This is what I mean by “embodied” theology. An artist believes something, some statement about God, himself, or the created order, and puts this belief into the actual stuff of his creation. It’s one with the notes, the paint, the stone, the pixels, the rhymes, the meter, the brushstrokes. And the result looks effortless, natural. Bach’s sinfonia sounds just like a gorgeous piece of music with a nice trumpet tune over a rich instrumental texture. The tune works with the other parts according to perfect mathematical principles of harmony and counterpoint. Yet the choice of each individual component was guided by a doctrine: Christ is God, Christ lives forever, Christ enables His people to live forever. Wow.

Dante, I think, has given us the most complete example of theology embodied or embedded in literature. His entire cosmology is theology in physical form. His poem follows a theological structure. The simplest technique Dante uses is the pattern of 3’s. The poem is in three volumes, yet is one—a microcosm of the Trinity. Each volume has 33 cantos—Christ’s traditional age at His death—except the last, which has 34 cantos to make up the ideal 100. The form of the verse itself, terza rima, is a pattern of interlocking rhymes in three lines: a-b-a b-c-b c-d-d etc. Even the Italian ending itself, Alan Mandelbaum points out, is typically vowel-consonant-vowel, another sort of a-b-a trinity. Of course, the geography of Hell, Purgatory, and Heaven are physical expressions of his belief. There are others, such as the Celestial Rose—his supernatural social hierarchies are integral to the poetry and to his spiritual thought. I could go on with this, and perhaps will in future, but for now I’d like to tie it back up to the beginning.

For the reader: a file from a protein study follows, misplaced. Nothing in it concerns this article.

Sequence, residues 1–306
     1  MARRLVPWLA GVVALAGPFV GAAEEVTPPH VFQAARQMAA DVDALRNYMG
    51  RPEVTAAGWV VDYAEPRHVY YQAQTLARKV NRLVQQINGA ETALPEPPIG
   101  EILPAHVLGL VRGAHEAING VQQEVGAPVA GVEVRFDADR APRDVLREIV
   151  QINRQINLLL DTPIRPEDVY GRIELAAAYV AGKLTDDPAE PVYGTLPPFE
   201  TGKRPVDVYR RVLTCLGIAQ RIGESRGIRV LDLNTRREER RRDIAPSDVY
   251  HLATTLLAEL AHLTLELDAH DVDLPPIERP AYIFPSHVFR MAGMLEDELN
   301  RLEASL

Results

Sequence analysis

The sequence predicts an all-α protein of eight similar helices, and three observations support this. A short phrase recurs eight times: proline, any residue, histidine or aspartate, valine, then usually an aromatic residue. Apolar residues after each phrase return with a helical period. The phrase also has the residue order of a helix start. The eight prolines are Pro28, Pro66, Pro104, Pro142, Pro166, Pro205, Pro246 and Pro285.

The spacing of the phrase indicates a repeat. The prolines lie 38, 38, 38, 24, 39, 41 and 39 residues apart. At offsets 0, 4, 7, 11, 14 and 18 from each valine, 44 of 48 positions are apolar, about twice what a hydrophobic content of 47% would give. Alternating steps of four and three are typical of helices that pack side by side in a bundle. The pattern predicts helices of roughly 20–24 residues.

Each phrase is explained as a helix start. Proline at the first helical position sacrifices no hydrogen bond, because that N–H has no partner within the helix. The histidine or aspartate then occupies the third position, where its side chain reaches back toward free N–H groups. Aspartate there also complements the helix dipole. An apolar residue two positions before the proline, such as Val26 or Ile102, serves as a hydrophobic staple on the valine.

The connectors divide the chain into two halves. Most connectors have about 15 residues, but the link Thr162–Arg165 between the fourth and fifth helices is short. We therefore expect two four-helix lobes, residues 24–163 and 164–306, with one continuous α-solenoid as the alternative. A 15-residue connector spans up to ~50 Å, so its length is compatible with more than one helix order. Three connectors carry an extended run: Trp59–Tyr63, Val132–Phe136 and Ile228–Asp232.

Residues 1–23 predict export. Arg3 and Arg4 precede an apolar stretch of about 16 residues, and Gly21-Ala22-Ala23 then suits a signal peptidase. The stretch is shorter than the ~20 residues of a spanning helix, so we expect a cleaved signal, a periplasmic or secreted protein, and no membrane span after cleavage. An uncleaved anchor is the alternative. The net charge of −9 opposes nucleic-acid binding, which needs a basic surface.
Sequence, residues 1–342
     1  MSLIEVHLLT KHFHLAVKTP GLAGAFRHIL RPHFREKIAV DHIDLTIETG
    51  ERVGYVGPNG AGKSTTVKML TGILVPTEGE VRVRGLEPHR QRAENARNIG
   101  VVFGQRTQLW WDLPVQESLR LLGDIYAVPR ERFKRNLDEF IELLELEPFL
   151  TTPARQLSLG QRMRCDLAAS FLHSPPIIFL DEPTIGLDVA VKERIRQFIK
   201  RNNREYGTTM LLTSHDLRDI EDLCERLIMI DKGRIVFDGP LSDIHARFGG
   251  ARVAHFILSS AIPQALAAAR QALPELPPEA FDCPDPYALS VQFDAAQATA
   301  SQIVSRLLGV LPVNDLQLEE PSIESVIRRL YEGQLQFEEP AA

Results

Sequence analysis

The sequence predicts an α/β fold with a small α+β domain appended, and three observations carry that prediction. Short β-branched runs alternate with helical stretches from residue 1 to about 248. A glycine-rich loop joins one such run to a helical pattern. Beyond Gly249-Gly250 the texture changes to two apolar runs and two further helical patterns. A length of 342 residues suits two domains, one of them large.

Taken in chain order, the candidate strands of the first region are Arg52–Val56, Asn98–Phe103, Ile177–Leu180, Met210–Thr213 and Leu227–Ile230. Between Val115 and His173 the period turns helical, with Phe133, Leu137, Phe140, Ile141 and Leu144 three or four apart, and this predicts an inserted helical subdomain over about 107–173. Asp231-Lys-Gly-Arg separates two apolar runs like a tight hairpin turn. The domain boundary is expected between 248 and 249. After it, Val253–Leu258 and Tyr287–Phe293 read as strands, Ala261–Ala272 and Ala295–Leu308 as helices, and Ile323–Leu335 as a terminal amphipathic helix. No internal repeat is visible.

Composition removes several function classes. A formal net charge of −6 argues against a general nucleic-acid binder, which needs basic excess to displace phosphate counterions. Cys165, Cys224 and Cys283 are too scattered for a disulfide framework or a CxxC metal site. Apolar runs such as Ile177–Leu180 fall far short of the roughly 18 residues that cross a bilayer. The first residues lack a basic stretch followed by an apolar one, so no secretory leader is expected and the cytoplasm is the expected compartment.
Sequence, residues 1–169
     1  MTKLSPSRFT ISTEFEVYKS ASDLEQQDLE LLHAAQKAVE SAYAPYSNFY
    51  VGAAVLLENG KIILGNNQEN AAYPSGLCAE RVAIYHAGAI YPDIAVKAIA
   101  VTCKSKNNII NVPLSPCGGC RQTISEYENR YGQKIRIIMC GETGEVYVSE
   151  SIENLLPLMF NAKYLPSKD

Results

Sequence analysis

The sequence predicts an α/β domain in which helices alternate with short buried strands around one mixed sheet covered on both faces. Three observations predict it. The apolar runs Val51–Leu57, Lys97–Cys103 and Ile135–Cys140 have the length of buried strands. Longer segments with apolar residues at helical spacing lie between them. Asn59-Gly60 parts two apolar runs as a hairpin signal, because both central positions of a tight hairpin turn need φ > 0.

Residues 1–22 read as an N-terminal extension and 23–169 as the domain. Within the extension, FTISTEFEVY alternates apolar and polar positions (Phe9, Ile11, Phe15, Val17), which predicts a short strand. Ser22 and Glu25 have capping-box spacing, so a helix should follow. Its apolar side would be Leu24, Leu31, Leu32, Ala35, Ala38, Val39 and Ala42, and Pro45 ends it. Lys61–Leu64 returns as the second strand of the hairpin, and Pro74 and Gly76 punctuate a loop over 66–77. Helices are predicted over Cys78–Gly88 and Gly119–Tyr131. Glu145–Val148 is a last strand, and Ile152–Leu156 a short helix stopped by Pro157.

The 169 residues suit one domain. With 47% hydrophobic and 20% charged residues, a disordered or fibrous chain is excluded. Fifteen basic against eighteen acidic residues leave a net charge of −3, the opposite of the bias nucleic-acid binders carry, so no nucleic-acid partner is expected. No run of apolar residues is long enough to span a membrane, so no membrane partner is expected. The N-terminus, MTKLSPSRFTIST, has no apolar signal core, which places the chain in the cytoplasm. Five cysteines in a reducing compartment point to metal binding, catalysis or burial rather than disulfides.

Michelangelo expressed his faith in the physical, intellectual, and spiritual powers of man in the very chisel markings on his sculpture’s great muscles. Herbert wound his doubts, humility, and poetic pride into the wreaths of his verse. Lewis put his scintillating, weighty, realer-than-real harder-than-hard imagined heaven onto a plain of glory, the valley of the shadow of life outside of Deep Heaven.